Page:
Make a creature
I started making a mythical creature at Christmas and I called him Zoki. Now, I am looking for input from YOU to bring Zoki to life. I thought it would be a fun project to do with people from different parts of the world coming together to create a magnificent beast, and understand something about our universe, other universes, and most of all, ourselves, in the process.
I started with Zoki’s universe, where he lives. At this stage, I don’t know whether Zoki lives alone in his universe, or whether he has friends and family. I called his universe Kokosz. I started with the simplest model possible, so that you can actually make a model of that universe with just paper and pencil.
Kokosz is a two-dimensional (2D) universe. For our purposes, this 2D universe is like a vast sheet of paper. Zoki lives on the paper. We will design the towns and houses later, but for now, let us start with Zoki.
Because Zoki lives in a 2D universe, he has to be 2D too. Which means that Zoki is flat, flatter than a pancake. Obviously, his body parts have to be different from ours. The main difference has to be Zoki’s alimentary canal (digestive system). Zoki’s alimentary canal cannot be similar to a humans’ (which is a tube running from the mouth to the anus (bottom)), because a tube like ours will split a 2D creature into two right down the middle. So Zoki’s stomach has to be like a pouch with one opening and a sealed end. Food enters Zoki’s stomach via his mouth.
From Zoki’s mouth to his stomach is like a zipper, which zips up when the sensors on either side of it sense food. Zipping up reduces the space inside Zoki’s alimentary canal, forcing food to break up. The insides of Zoki’s stomach to be lined with tough and sharp triangles that act like teeth to help chop up the food.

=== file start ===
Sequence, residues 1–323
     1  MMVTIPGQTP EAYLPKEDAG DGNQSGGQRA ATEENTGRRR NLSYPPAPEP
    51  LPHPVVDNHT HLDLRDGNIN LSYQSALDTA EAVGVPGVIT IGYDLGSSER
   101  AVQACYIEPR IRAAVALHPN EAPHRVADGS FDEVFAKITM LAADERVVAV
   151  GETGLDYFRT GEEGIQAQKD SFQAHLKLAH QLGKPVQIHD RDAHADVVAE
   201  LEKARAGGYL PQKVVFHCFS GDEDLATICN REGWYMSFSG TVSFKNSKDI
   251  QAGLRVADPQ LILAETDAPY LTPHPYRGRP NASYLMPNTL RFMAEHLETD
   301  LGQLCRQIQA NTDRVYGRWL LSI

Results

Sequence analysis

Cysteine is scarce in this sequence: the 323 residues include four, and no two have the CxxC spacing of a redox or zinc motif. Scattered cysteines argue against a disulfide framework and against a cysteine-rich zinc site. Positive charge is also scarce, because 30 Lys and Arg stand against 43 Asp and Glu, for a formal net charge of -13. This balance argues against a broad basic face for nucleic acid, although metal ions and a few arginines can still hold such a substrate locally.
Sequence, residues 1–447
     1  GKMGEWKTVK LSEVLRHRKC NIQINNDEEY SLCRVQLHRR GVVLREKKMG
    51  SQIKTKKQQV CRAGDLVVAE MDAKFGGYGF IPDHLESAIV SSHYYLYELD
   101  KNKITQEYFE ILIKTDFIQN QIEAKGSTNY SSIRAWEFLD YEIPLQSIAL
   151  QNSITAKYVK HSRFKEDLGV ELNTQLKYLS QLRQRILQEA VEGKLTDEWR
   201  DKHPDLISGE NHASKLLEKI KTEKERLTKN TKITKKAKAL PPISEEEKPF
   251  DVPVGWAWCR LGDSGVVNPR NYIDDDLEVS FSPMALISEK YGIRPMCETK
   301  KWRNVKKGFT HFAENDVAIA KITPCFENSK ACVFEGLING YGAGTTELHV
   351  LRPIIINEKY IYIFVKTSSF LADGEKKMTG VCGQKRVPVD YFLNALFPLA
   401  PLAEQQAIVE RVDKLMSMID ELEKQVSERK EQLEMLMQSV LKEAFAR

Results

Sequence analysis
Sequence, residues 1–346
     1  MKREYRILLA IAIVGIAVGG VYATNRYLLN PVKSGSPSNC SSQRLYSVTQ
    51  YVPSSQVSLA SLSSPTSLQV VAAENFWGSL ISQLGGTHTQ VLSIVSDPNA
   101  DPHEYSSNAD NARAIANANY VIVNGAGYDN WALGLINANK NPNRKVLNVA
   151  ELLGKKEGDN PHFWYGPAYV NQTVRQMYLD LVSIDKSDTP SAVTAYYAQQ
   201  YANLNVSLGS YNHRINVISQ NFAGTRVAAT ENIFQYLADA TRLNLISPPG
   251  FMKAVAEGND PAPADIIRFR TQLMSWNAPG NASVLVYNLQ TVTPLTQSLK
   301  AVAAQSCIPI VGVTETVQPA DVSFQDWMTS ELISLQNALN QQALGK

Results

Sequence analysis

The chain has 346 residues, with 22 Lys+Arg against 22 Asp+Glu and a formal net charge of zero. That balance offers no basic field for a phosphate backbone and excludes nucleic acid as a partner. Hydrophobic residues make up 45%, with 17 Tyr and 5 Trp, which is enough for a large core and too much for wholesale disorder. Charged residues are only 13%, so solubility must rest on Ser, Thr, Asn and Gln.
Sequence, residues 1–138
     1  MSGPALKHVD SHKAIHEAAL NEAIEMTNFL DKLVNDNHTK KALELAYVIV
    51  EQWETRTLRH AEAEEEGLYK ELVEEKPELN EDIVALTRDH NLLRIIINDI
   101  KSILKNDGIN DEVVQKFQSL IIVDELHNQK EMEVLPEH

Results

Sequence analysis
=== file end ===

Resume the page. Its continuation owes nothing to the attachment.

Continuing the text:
He has very simple, tiny cells (which are wet) throughout his body that perform the functions of life. He does not need blood vessels, because nutrients and oxygen diffuse freely through his simple body.
I tried this mind-mapping software called Coggle to plan Zoki’s body. It’s free to try from Coggle’s site, and quite easy to use. You might find it a useful tool to organise your ideas. Also, let me know your thoughts about how Zoki’s body could work in 2-D and how we can improve the design. EMAIL: email@example.com
This is what I have:
Here’s a beautiful story about a lovely creature called Wind who lives on a Mobius strip:
Make your own creature
Here are some guidelines for you if you want to make your own creature:
First of all, figure out the world that your creature will live in, because environment shapes the body and necessary parts to live in that world, plus lots of other considerations. Your creature has to have physical adaptations to allow it to thrive in its environment. Is its world going to be inside a computer, under the sea, or in prehistoric times? In my example, Zoki lived in a two-dimensional (completely flat) universe that stretches like a vast piece of paper. I chose this, because as a physicist, I am very interested in how forces work in different parts of the universe.
Pick a body type. This is like a frame for you to build the finer details on. In a sense, form is not so important, because you can add the subtle adaptations to make your creature survive in its environment. The interesting thing to note is that a creature’s actual body can vary significantly from the basic body type. Believe it or not, birds, whales and snakes were all at one time quadrupeds (four legged animals). To start designing your creature, pick one of the following shapes from the menu below: